Profile: The FARC
The Revolutionary Armed Forces of Colombia, a self-described “peasant army,” have fought a guerrilla war since 1964.
The Revolutionary Armed Forces of Colombia, a self-described “peasant army” first formed by members of the Colombian Communist Party, has been fighting a guerrilla war to overthrow the government since 1964.
Known widely by its acronym, FARC, the movement grew out of years of conflict in the 1950s and 1960s between rural, agrarian communities that communists had tried to organise and the national government, which was trying to industrialise the country after a devastating civil war.
The Colombian government and other detractors accuse the modern-day FARC of using wanton bombings, kidnappings, assassinations and extortion to finance itself and further its goals, and the group has been labeled a terrorist organisation by the United States, which has provided Colombia with billions of dollars worth of assistance to combat the guerrillas.
|The FARC has lost two top leaders in the past four years, and its ranks have been severely thinned by desertions and aggressive Colombian military action [GALLO/GETTY]|
Human rights organisations have condemned the FARC’s used of child fighters and its indiscriminate targeting of civilians, and a 2005 International Crisis Group report claimed around 65 of the movement’s 110 operational units were involved in the cocaine trade.
The FARC has benefited from Venezuelan sponsorship, and documents recovered in 2008 from the computer of slain rebel commander Raul Reyes indicated that President Hugo Chavez and others may at various points have funded and supported FARC activity for strategic benefit against Colombia and the United States.
In 2012, after releasing its last remaining military and police hostages, and in the wake of military setbecks and the loss of top leaders, the FARC entered into negotiations with the government for a final peace. Hundreds of civilians are thought to remain held in FARC custody.
The group’s roots lie in what is known in Colombia as La Violencia, a bloody period in the 1940s and 1950s sparked when Jorge Eliecer Gaitan, a popular left-wing politician, was assassinated, leading to a wave of violence between right-wing and left-wing armed groups.
The civil war left up to 300,000 people dead and spawned several groups, including the FARC, the National Liberation Army and 19th of April movement.
In the wake of the violence, a national government negotiated between conservatives and liberals sought to improve the country’s economy through industrialisation, leading to the eviction of thousands of farmers and conflict with communist-influenced agrarian communities.
FARC was born when Manuel Marulanda Velez, a member of the Communist party, declared one such community, Marquetalia, autonomous and escaped into the mountains with a small group of fighters after a large government attack.
The movement developed a formal army structure in the 1980s, organising into squads and fronts governed by a seven-member secretariat, and was was believed to have boasted about 16,000 fighters in 2001, though that figure later decreased to between 6,000 and 8,000, according to the government.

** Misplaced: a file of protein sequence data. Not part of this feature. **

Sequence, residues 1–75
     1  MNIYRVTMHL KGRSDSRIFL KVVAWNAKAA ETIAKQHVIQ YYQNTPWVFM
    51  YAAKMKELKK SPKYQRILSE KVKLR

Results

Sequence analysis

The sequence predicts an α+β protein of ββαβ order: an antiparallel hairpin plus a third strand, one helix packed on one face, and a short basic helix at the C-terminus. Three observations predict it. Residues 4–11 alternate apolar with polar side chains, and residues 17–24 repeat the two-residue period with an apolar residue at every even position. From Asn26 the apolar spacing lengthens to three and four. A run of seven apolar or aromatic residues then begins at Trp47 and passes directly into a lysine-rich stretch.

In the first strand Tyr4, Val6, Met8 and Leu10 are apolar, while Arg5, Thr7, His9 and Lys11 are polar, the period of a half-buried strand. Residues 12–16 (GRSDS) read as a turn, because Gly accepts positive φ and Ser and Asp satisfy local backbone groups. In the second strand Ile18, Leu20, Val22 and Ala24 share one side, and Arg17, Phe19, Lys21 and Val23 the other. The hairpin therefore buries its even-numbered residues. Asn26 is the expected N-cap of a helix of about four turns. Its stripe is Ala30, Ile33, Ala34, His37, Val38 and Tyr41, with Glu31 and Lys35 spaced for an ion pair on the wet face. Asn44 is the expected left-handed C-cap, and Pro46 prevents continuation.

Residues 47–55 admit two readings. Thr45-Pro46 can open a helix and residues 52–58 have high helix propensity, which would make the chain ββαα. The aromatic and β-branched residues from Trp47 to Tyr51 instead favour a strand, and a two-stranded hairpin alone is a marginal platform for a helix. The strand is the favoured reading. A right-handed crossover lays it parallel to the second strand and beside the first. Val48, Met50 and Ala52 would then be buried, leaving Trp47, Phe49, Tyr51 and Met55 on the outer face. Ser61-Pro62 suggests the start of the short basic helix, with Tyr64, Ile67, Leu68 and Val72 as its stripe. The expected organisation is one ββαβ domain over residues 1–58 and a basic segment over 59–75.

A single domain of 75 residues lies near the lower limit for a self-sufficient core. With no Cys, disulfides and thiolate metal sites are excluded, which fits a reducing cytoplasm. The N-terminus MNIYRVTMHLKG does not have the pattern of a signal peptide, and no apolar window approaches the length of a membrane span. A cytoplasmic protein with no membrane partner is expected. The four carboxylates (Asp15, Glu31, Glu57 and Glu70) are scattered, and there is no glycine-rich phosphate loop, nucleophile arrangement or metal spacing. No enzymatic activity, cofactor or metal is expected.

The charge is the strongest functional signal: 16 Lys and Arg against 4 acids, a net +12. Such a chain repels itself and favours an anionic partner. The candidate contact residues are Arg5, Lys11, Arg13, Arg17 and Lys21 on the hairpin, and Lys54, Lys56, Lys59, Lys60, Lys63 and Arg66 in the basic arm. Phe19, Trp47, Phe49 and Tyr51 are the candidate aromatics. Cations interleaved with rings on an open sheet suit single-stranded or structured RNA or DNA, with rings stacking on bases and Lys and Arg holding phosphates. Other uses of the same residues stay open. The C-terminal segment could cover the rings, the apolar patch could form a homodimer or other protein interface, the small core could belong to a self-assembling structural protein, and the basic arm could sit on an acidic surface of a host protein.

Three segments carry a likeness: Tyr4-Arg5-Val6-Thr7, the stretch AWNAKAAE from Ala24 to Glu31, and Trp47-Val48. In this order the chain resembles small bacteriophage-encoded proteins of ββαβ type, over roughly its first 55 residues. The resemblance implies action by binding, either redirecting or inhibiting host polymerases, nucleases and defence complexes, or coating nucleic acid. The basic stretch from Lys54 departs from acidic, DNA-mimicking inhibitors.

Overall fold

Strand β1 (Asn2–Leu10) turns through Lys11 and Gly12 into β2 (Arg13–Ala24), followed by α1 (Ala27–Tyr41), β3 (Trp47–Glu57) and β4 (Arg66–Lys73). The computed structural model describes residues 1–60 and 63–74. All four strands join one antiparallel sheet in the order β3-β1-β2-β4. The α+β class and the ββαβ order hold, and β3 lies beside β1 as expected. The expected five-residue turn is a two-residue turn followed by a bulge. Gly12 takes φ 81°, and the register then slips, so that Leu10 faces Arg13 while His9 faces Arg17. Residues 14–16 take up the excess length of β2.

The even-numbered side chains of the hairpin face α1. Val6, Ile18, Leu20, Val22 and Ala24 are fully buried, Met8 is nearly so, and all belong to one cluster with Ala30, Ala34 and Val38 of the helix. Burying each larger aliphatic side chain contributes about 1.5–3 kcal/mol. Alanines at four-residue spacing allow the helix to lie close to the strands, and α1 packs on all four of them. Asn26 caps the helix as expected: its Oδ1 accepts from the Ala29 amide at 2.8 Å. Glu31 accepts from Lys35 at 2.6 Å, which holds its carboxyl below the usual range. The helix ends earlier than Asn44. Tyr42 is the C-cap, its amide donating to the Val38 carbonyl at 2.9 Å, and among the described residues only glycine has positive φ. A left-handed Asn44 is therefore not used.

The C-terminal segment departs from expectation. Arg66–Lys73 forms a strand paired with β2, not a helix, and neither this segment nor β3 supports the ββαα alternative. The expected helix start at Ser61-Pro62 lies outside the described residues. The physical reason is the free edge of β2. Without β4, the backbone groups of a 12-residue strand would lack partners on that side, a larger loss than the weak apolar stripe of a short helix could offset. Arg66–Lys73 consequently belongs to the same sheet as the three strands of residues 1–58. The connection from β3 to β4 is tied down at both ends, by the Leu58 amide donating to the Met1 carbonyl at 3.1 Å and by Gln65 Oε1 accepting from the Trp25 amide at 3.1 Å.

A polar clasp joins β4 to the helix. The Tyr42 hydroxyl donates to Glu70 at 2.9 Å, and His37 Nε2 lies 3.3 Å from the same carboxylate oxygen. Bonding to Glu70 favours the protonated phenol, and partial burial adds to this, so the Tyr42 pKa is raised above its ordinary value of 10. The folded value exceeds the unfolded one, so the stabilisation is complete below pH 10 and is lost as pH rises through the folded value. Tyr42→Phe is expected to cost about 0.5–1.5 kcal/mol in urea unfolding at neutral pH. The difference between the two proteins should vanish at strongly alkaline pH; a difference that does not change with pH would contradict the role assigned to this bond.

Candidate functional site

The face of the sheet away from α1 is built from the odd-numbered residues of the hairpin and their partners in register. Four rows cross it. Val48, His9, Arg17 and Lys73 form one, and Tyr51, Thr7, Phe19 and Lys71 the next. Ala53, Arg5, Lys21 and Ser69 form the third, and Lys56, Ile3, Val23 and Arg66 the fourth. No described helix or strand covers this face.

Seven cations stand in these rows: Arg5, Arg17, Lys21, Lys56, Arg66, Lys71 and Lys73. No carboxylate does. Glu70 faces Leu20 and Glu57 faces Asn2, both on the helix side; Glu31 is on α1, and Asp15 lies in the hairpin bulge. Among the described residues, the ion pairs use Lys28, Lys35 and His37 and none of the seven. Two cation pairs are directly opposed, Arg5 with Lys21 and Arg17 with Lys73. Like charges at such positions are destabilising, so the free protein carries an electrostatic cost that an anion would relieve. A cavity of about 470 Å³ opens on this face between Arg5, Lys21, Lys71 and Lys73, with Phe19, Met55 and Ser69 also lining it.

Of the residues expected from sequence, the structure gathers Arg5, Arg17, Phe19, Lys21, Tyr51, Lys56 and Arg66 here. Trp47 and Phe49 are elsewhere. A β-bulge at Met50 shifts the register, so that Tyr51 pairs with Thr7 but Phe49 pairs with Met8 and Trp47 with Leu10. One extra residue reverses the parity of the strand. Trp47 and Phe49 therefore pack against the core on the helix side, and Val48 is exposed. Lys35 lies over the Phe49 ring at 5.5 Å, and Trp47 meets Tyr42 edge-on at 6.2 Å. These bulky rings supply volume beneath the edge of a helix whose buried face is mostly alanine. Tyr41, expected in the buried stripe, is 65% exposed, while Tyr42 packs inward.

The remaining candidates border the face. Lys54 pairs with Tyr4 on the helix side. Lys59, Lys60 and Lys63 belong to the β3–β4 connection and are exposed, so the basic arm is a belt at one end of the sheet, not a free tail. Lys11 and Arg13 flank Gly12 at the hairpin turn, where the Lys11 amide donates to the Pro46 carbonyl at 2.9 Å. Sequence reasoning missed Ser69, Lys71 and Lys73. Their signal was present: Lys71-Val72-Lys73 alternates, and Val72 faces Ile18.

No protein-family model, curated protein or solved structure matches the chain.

The group was led by Manuel Marulanda, nicknamed “Tirofijo” or “Sureshot” because of his reported shooting skills, until his death from a heart attack in March 2008. FARC second-in-command Raul Reyes had been killed earlier that year.
Marulanda was replaced by Alfonso Cano, a former anthropologist and ideological leader of the FARC, but Cano was killed in November 2011.
The FARC has been involved in on-off peace negotiations with the Colombian government since 1984, when it set up a political party, the Patriotic Union, to achieve its ends.
But the party was undermined by a series of assassinations by right-wing paramilitaries and in 1985, the group returned to its armed campaign.
In 1998, President Andres Pastrana allocated 42,000 square kilometers of territory for the FARC, a safe haven that the group had considered a pre-condition for peace talks.
But within four years, negotiations stalled after attacks continued, and Pastrana ordered the army to retake the territory.
National politicians including Ingrid Betancourt, a former presidential candidate, have been among FARC’s many hostages, who were typically held in poor conditions, sometimes in cages deep in jungle areas.
One hostage released by the Farc said he and others had suffered “subhuman conditions” during their captivity.
In April 2012, the FARC released four soldiers and six police officers whom it had held for 14 years, men believed to be the movement’s last military or police hostages. But the Pais Libre Foundation estimates that the group has not freed more than 400 civilians kidnapped for ransom.
FARC’s recent decline began after the hardline Alvaro Uribe was elected president of Colombia in 2002. Uribe’s father, his predecessor in the presidency, had been a wealthy landowner and was assassinated by the FARC during a failed kidnapping attempt.
Uribe intensified the military assault on the FARC, and the Colombian army’s better-equipped forces, trained and advised by the United States, scored a number of significant victories.
A number of senior commanders have been killed, including Reyes, who died in a controversial cross-border raid on a FARC camp in Ecuador, which sparked a still-lingering diplomatic crisis in the region.
The group has also suffered serious desertions, with some fighters becoming disillusioned by involvement in the drug trade.
Juan Miguel Santos, who succeeded Uribe in 2010, has improved relations with Venezuela and Ecuador, though it remains to be seen whether his effort to begin final peace talks with FARC – as well as the National Liberation Army – will be welcomed or successful.